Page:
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UX \ Jun 18th 2018

How Content Can Influence Product: A UX Case Study

Writing content for a complex UX? Use a good old pen and paper.

All too often, products are designed and content is added as an afterthought. But what if content could be part of the very fabric of a product?

When content comes in too late, it’s, well, too late.

But when content is considered throughout the creative process, it can have an enormous impact on shaping its functionality.

The UX complex

Recently at Wix, the CRM team was working on completely rebuilding our Wix Automations feature. This team was being led by a talented and experienced product manager and a UX designer. The feature lets users set up automatic responses based on visitor actions on their site. In this new version, it was being expanded to a bigger platform where users could send triggered emails as well as notifications, chat messages and more.

Yet, the team struggled with the complexity of the product. The very early wireframes I received were difficult to understand, with multiple drop-down menus and much technical jargon relating to Wix Code. Content hadn’t been consulted and it showed.

I was asked to “put my text into the design.” But the design was not ready. Before the team went too far with this complex design, I decided to jump in and offer my input. I had a hunch that in order for the project to succeed, we needed to take a few steps back. So where could I start?

Out of site, out of mind

Luckily for me, all this happened right when I was invited to two training days at a nearby offsite location.

On the second training day at 3pm, I was feeling pretty tired. During an uninspiring lecture on company policy, I looked around and saw some other people nearby were drawing in their free Wix notebooks. So I did the same.

Without really intending to, I started scribbling the flow of setting up an automation. And after a few minutes, there it was, staring back at me. The skeleton of a simpler flow.

By going ‘offsite,’ I was able to think about the product clearly on my own. I could put myself in the mindset of users. They, too, are often on their own, sitting alone facing the product on their computer or mobile device. Disconnecting from the product for a while can be a good way to to empathize with the user.

That’s cute, but how can anyone take my scribbles seriously?

Well, in my case, I took this sketch and used it as the basis for my first draft of the content. I simplified the flow for Wix Automations into 4 simple steps:

1. Choose a Trigger
2. Choose a Message
3. Choose a Channel
4. Choose a Time

Then I shared this sketch with the team in a formal presentation with screenshots and comments. To my surprise, the team was grateful for my input and this sketch became the foundation of the new UX. This is not to say my sketch was complete – far from it. But it did help me simplify the product to its core purpose.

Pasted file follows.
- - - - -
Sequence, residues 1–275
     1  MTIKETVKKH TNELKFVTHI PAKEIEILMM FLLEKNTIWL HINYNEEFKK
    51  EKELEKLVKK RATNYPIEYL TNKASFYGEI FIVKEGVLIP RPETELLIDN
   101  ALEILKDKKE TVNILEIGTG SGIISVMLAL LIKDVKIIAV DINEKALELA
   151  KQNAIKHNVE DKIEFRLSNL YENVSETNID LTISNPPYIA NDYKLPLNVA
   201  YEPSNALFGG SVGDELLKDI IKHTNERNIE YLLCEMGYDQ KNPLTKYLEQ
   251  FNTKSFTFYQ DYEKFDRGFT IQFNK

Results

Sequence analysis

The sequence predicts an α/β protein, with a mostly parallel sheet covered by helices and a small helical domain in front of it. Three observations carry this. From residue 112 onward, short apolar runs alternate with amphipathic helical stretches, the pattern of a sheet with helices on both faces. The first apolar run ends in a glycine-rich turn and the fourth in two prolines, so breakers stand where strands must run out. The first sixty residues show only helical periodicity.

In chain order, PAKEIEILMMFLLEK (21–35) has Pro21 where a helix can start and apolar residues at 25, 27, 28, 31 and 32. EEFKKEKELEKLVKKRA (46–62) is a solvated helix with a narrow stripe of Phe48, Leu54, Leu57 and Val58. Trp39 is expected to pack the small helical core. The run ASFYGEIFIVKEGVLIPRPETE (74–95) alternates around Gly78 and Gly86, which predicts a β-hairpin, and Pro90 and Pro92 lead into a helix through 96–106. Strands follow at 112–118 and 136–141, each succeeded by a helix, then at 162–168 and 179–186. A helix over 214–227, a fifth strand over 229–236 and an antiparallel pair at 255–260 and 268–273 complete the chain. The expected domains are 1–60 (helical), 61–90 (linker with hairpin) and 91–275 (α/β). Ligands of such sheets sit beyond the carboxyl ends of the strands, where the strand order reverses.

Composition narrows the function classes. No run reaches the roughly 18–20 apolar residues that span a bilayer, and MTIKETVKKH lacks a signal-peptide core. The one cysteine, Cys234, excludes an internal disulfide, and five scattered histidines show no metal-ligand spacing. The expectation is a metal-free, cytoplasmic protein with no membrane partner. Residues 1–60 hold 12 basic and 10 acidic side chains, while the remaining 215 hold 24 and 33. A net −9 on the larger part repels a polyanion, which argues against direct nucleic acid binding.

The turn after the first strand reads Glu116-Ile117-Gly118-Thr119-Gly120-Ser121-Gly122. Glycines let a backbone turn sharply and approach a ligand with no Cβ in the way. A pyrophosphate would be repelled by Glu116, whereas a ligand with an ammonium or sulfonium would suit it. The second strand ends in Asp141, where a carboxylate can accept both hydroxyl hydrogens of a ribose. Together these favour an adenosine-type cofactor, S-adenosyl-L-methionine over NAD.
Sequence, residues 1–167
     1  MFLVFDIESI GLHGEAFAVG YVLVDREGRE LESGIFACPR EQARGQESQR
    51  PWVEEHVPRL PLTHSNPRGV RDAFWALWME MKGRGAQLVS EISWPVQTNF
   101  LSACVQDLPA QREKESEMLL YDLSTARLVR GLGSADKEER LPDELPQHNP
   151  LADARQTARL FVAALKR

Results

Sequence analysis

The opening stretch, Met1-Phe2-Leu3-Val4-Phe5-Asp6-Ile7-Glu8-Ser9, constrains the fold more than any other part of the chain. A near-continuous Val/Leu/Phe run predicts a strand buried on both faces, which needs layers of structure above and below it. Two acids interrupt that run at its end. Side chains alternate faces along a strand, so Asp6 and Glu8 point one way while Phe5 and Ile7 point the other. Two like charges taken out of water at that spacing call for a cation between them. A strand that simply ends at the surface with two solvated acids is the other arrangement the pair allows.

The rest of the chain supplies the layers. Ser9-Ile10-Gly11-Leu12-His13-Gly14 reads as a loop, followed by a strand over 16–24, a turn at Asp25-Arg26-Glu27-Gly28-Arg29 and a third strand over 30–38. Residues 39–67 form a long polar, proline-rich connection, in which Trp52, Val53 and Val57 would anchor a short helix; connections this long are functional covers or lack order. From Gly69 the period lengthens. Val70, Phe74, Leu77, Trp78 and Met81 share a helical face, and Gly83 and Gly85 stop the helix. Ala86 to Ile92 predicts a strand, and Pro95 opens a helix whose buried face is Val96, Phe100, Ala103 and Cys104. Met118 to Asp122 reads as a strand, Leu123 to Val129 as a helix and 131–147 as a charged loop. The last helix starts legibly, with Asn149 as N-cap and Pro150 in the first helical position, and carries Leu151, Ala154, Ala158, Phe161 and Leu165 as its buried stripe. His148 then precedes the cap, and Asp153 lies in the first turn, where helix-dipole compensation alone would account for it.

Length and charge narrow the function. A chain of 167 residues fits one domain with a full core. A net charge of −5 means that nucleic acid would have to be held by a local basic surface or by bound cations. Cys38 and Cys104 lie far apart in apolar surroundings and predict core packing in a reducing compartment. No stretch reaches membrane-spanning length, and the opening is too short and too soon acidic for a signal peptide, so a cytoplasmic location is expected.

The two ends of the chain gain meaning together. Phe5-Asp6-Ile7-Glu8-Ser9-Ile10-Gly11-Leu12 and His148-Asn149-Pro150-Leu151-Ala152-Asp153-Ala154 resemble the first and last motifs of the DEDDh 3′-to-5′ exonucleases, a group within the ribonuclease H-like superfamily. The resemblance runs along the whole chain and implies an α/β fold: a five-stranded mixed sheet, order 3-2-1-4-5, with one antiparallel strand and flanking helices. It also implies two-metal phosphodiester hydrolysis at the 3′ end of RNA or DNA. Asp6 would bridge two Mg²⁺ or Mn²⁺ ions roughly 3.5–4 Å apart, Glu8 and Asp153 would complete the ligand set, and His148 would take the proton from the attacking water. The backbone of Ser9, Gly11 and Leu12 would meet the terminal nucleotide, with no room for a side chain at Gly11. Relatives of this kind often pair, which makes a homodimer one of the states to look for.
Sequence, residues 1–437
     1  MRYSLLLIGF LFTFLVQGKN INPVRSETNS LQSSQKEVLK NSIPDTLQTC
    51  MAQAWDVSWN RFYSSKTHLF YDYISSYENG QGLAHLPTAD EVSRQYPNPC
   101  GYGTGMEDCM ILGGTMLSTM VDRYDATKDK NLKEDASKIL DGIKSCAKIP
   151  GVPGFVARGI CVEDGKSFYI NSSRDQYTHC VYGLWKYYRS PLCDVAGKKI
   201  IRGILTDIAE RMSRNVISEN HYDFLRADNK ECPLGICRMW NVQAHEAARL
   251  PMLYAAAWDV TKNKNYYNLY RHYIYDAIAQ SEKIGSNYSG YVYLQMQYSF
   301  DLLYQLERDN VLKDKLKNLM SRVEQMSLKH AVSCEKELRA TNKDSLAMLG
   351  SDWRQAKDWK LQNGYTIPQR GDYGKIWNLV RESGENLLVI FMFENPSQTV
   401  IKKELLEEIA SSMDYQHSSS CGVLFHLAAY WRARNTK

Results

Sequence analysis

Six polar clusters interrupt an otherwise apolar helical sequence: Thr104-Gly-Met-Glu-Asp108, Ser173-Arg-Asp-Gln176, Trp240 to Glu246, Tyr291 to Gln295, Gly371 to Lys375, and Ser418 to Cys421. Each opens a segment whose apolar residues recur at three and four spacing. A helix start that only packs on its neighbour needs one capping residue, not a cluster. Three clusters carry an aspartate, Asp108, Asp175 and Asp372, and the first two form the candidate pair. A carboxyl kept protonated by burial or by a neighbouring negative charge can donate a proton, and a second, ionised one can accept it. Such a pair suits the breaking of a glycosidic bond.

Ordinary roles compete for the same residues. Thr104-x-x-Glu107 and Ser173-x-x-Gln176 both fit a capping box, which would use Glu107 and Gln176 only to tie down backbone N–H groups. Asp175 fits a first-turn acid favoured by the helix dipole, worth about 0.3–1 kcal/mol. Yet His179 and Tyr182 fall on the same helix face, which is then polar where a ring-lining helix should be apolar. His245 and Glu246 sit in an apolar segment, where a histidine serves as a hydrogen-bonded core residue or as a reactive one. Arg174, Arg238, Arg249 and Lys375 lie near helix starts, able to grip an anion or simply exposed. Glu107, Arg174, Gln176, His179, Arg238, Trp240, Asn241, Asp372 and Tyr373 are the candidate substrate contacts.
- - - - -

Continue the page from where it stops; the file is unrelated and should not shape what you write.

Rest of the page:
The UX designer adjusted a few elements for his wireframe, like combining steps 2 and 3. But the basic skeleton survived and, notably, the content influenced the product.

So what can you learn from this?

  1. The pen is mightier than the wireframe
    The process of writing by hand, on old-fashioned paper, can greatly help UX writers and UX designers. Why? Because a blank page is unconstrained. You’re not restricted by resolution, drag and drop text boxes or some wireframe software. You don’t get notifications that interrupt. I remember my old creative writing teacher used to tell her students, “Your story lives at the end of your pencil.” I believe that this could be applied to any form of writing.
  2. Get lost in space
    Writers need space, sometimes. George Orwell wrote his novels, including 1984, in a secluded garden shed in his remote farmhouse in Scotland. While most hi-tech companies may not be able to provide secluded sheds for their UX writers, there is something to be said about a change of scenery. Even when writing for a product, taking a step back can help. This is not to say that it’s not important to sometimes join the product managers, designers and developers in the weeds, but a writer can gain much from lifting their head and taking a look around.
  3. Content is the core
    UX writing is more than what’s on the screen. To do it well, you have to understand the goal before it even gets to the design or wireframes. Content is an integral part of any product or feature. In some cases, it’s the most important factor of the product. In other cases, content actually is the product. For example, a welcome UX for an interactive chatbot is nothing unless the content is spot on. Yes, the look and feel is important, as is the behavior, but without the right attention paid to the copy, (to the minutest detail), even the best-designed product will fall short.

In short, when content is involved from creation, it creates better products.

Good UX copy is not just making the content more concise or easier to understand. Beyond that, UX writing should actually influence how a product is built from scratch. Rather than being the icing on the cake, content should actually be a significant part of the cake mix. Or, to use another metaphor, if a product is like a structure and code is its bricks and mortar, then content should be at its foundation.

Got any stories of how your content shaped a product? Share them with us using the hashtag #WixContent!

Daniel Savery Raz
By Daniel Savery Raz

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